Author(s): Yao R, Osada H
Abstract Share this page
Abstract Rat pheochromocytoma cells, PC12 cells, undergo differentiation in response to nerve growth factor (NGF). Although the Ras-MAP kinase signaling pathway has been shown to play a central role in the response to NGF, the precise mechanism which induces differentiation remains unclarified. Recently, several gamma-lactam-related microbial products were identified to induce neurite outgrowth in neuroblastoma cells. Therefore, we synthesized a series of gamma-lactam-related compounds and tested for their ability to induce neurite outgrowth in PC12 cells. We found that two compounds, MT-19 and MT-20, induced neurite outgrowth at concentrations as low as 1 microg/ml. MT-19 and MT-20 have an n-hexadecyl group and an n-dodecyl group, respectively, at the position N-1 of the gamma-lactam ring, and the modification of this group leads to partial or complete loss of activity. In addition, the modification of the methyl and hydroxyl group at C-5 leads to complete loss of activity, indicating a strict structure-activity relationship. Interestingly, MT-19 and MT-20 induced neurite outgrowth of PC12 cells which lack normal Ras function. Furthermore, these compounds did not induce MAP kinase activation, suggesting that MT-19 and MT-20 do not require the Ras-MAP kinase signaling pathway which is shown to be necessary and sufficient for NGF-induced neurite outgrowth. Consistent with this, none of the early- or late-response genes tested, which include fos, zif268, Nur77, vgf, and transin, was induced. However, the protein level of three neurofilaments was increased after the incubation with these compounds. Since the level of other cytoskeleton proteins including actin and tubulin remained constant, MT-19 and MT-20 specifically affected neurofilament synthesis and/or turnover. Taken together, these findings indicate that MT-19 and MT-20 induce neurite outgrowth by activating the downstream target of MAP kinase or by a novel mechanism which is distinct from the NGF-activated pathway.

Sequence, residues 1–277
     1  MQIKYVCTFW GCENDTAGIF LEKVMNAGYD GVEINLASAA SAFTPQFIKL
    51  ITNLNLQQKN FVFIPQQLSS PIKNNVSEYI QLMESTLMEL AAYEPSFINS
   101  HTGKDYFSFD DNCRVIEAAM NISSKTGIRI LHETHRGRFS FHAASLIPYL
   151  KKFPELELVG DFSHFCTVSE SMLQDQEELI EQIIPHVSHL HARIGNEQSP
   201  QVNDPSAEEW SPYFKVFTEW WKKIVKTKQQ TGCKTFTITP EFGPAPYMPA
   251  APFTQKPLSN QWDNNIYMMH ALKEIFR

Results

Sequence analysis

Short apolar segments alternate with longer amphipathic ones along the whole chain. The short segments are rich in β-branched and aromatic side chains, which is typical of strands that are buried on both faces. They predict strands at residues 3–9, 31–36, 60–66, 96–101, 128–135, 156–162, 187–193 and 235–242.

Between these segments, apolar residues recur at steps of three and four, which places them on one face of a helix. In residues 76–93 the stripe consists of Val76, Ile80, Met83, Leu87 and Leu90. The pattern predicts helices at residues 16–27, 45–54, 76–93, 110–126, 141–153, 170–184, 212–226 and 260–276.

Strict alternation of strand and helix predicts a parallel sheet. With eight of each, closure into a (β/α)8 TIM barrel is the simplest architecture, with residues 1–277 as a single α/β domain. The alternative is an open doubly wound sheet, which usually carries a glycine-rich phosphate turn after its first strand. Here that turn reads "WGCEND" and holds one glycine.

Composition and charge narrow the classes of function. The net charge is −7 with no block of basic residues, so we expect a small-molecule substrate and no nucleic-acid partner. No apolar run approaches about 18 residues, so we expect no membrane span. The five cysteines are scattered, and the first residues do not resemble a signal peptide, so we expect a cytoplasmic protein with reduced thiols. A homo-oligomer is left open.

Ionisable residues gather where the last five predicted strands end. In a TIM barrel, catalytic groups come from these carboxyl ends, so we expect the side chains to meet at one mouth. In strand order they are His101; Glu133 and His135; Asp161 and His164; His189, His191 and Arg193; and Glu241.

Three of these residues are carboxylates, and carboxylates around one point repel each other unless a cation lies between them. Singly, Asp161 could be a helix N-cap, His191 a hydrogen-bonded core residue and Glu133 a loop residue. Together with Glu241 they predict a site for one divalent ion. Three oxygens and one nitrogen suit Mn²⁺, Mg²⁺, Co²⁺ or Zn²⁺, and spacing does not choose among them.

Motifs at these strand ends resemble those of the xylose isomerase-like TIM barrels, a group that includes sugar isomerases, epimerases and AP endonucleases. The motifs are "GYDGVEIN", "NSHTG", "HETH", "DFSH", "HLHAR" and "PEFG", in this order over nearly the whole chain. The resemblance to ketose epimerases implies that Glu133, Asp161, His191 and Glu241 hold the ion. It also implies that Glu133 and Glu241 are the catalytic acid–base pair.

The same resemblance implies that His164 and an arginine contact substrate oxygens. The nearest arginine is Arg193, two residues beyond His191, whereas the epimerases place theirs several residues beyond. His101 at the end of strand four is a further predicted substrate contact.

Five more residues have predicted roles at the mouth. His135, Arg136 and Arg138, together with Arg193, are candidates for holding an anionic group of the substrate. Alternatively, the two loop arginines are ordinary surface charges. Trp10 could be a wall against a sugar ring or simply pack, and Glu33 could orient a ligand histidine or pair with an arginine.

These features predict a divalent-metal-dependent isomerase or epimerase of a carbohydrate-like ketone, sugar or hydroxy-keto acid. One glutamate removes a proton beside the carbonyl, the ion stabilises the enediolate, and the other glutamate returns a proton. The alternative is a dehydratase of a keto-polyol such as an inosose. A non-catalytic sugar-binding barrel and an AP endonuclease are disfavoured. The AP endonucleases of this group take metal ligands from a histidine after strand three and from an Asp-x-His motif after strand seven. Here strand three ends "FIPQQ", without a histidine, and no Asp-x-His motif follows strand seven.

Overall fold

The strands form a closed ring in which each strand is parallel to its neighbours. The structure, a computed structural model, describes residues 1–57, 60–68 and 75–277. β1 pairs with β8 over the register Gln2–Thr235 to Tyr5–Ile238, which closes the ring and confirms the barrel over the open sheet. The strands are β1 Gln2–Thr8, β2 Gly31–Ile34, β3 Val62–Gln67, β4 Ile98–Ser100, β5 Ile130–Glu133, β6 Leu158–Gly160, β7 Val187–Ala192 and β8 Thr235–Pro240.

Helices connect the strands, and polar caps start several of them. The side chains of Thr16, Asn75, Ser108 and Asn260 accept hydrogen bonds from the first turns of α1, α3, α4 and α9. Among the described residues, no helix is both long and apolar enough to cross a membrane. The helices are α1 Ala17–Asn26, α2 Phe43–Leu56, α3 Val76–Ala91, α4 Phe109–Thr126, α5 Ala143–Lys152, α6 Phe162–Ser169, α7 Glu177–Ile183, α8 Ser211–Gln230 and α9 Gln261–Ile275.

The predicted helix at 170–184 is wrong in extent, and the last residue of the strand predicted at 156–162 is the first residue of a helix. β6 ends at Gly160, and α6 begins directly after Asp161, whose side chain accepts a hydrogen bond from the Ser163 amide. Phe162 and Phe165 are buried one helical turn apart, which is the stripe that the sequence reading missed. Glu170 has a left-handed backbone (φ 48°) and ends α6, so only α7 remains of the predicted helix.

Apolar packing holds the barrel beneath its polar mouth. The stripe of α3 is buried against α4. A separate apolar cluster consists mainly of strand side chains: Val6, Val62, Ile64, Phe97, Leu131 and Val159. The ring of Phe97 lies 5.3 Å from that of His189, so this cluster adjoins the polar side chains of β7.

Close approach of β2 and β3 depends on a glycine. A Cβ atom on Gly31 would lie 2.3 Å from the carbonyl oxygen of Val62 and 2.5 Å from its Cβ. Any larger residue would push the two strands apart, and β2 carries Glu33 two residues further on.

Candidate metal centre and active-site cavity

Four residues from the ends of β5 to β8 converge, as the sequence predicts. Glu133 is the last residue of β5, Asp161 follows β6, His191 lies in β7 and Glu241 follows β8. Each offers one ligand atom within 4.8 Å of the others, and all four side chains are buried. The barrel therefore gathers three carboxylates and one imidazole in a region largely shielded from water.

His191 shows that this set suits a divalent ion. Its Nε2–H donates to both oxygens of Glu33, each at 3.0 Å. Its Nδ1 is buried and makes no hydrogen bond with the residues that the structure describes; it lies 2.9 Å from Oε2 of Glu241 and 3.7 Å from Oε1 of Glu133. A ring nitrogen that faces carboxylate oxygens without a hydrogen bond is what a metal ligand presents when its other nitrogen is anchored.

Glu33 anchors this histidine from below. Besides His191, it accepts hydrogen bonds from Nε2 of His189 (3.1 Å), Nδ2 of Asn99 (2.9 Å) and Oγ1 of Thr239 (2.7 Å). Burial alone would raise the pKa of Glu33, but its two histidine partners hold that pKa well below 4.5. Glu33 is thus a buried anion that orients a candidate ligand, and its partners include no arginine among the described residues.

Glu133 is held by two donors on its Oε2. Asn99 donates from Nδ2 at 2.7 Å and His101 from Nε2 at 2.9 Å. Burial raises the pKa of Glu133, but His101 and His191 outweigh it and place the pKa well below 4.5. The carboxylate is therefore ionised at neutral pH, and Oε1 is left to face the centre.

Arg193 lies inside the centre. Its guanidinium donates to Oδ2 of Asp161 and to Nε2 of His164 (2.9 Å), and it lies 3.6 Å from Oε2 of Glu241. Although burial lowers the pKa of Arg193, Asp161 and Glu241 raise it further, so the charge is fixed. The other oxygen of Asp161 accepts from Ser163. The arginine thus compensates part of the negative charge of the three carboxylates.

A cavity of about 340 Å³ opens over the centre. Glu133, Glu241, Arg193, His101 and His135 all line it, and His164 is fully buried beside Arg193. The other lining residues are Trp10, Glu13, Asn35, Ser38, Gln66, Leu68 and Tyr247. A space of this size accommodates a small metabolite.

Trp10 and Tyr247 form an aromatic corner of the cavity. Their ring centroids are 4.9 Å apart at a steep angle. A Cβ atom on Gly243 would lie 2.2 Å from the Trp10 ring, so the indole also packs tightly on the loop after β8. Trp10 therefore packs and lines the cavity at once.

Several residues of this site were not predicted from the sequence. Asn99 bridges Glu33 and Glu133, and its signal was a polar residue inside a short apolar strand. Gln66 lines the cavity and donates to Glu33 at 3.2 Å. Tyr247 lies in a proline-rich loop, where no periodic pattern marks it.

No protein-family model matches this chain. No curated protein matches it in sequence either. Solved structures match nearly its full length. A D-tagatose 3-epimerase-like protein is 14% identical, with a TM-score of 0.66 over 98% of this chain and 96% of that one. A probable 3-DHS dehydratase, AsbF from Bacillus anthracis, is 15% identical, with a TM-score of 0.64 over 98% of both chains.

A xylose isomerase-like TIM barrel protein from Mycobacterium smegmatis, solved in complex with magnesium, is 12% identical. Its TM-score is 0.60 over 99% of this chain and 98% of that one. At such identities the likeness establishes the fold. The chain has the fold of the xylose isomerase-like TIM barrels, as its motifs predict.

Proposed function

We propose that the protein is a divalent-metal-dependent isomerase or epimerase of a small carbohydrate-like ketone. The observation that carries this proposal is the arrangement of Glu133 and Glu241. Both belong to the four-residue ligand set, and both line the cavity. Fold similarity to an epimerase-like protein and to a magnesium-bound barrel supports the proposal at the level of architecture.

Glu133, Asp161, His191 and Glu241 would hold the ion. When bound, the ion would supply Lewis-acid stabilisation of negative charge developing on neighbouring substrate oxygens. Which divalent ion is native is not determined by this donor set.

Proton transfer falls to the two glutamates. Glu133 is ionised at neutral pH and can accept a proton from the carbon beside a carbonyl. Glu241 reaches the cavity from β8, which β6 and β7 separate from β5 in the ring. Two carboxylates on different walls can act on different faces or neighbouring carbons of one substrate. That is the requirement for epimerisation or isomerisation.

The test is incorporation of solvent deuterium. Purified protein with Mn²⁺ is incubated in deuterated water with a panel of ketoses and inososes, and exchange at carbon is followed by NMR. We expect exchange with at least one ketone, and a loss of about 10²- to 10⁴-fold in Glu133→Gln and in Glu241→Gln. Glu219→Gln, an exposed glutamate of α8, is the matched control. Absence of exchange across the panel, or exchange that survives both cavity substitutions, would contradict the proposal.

This article was published in Exp Cell Res
and referenced in Journal of Novel Physiotherapies